F&M Stories

Home / Commencement / Commencement Archive / 2023 Commencement / Commencement 2023 Citations & Remarks / Commencement Remarks by F&M President Barbara K. Altmann, Ph.D.

Commencement Remarks by F&M President Barbara K. Altmann, Ph.D.

Remarks as prepared:

Good morning, Class of ’23!!

You are near and dear to my hearts, and have been ever since you arrived at F&M in the fall of 2019. That year challenged a lot of our hopes and dreams and set us on a course of immediate, fairly drastic, adaptation and resilience. And yet here you are, accomplished, successful graduates who flourished despite all the turmoil, and found a way to make it work.

Let’s think about what happened: a pandemic shut down the college in March 2020. Even when you finally returned in spring ‘21, all the weirdness and restrictions of Covid protocols made campus life an often isolating and alienating challenge. We have made our way back, incrementally, to a largely in-person life, and this very week, the Covid-19 public health emergency was lifted by the federal government in this country.

How do we even begin to make sense of all that for you?

Out of curiosity, and because artificial intelligence is a hot topic of the moment, one of my colleagues decided to use Chat GPT to generate a commencement address for me.

It’s not bad! Here’s how it opens:

“Congratulations on this momentous occasion! Your achievements in the face of unprecedented challenges have made this day all the more special.”

And there are a few other choice sentences:

“I want to remind you that your success is not measured solely by your achievements, but by the impact you have on others.”

And, finally:

“I have no doubt that you will continue to make us proud in all that you do.”

Now, I have no doubt that you will learn to use Chat GPT as a tool, and not just as a shortcut. But my guess is that you’ll want to add complexity and nuance, specificity and unique connections that only you, as creative thinkers, can make.

The AI draft of my speech is perfectly acceptable. It is also so generic that it could apply to commencement at just about any school this year.

I believe you deserve more, so I want to add a few ingredients. I’m going to add a botanical metaphor involving mud and lotuses. And I want to acknowledge something you have perhaps already discovered: that the heartbreak and anxiety and loneliness and fear of the last few years have a wonderful counterpoint: namely that your capacity for joy and success is all the greater for having grappled with sorrow and disappointment, and that you are more fully realized for what you have lived through.

We’ll start with the lotus. Let’s imagine it right now: the lotus is a precious flower of rarified beauty, and also often a symbol of resilience and strength. Why is that? It turns out that the lotus is an aquatic flower, the roots of which are in the mud. The flower must grow through the mud to reach the surface of the water. It follows that there can be no lotus without the mud. Thich Nhat Hanh, the esteemed Vietnamese poet, peace activist, and spiritual leader, titled one of his books No mud no lotus, and used that image to argue that, to quote, “[S]uffering is a kind of mud to help the lotus flower of happiness grow.” And, going one big step further, he concludes that, “Without suffering, there’s no happiness.”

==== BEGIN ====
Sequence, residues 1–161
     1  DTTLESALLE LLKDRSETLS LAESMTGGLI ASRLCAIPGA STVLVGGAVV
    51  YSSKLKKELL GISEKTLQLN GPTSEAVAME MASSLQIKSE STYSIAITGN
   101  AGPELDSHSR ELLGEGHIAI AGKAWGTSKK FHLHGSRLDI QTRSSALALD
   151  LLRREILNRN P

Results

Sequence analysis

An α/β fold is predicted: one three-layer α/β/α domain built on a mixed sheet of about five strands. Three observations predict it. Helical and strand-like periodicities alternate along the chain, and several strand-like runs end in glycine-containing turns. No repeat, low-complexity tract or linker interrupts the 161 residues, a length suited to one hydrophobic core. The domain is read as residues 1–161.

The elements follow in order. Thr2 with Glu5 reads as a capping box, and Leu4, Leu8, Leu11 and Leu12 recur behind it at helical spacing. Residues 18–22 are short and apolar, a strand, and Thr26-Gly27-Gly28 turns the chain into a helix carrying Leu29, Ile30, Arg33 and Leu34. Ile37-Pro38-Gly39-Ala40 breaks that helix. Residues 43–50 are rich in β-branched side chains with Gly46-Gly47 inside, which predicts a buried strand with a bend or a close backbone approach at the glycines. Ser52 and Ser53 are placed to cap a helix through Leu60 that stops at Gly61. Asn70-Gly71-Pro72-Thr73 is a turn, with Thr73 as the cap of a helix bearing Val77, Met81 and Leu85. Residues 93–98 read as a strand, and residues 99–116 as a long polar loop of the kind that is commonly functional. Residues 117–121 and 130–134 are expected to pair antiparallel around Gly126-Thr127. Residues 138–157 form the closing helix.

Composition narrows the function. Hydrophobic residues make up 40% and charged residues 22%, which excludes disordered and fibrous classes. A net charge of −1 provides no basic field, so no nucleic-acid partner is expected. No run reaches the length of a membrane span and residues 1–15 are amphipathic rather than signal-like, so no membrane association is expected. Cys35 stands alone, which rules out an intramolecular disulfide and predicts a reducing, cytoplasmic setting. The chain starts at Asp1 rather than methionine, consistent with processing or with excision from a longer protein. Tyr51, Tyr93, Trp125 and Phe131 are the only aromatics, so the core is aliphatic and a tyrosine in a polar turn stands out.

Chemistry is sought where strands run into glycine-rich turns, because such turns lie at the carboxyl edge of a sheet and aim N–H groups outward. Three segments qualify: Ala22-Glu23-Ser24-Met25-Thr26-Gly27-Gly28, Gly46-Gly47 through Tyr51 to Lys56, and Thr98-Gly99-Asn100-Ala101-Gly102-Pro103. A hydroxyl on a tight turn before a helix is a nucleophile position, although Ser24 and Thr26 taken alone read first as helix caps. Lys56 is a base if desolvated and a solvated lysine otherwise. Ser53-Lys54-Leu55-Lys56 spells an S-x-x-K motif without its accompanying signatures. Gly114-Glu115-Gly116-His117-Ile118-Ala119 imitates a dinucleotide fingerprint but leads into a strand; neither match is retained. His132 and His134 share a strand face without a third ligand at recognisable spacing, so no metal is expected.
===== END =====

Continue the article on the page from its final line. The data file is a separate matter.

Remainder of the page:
Many writers have grappled with our Covid experience in the last three years. One of my favorites is American poet and essayist Ross Gay. In his book Inciting Joy (2022), Gay’s premise is complementary to the lesson of Thich Nhat Hanh. Gay asks, in vivid, surprising, lively prose, “What if joy is not only entangled with pain, or suffering, or sorrow, but is also what emerges from how we care for each other through those things?”

We could explore this in much greater detail. For lack of time, I’ll end simply by turning around a phrase I started with: you have flourished, dear graduates, and you will continue to flourish, not despite all the turmoil, but at least in part because of the turmoil.

What I see before me here is nothing less than a whole field of lotus flowers, strengthened and beautified by the lived experience that led you here today. It will give me great joy to greet you on the stage in a little while. After all, as Chat GPT put it, “I have no doubt that you” – because you are Diplomats forever – “will continue to make us proud in all that you do,” just as you have these last four years.

Commencement Remarks by F&M President Barbara K. Altmann, Ph.D.

Related Articles

May 16, 2024

Williamson Medalist Embraces Multifaceted Learning at F&M

Roxana “Roxy” Calder, of Philadelphia, is the 2024 recipient of the Williamson Medal, the College’s most prestigious award for student achievement.

May 13, 2024

Class of 2024 Turns Tassels

A pandemic enveloped their earliest days of college in uncertainty. Four years later, members of the Class of 2024 have emerged as leaders and scholars.

May 12, 2024

Lux et Lex Walk Marks Milestone for Class of 2024

On the eve of Commencement, Franklin & Marshall’s graduating class took one final look at campus together during the Lux et Lex Walk.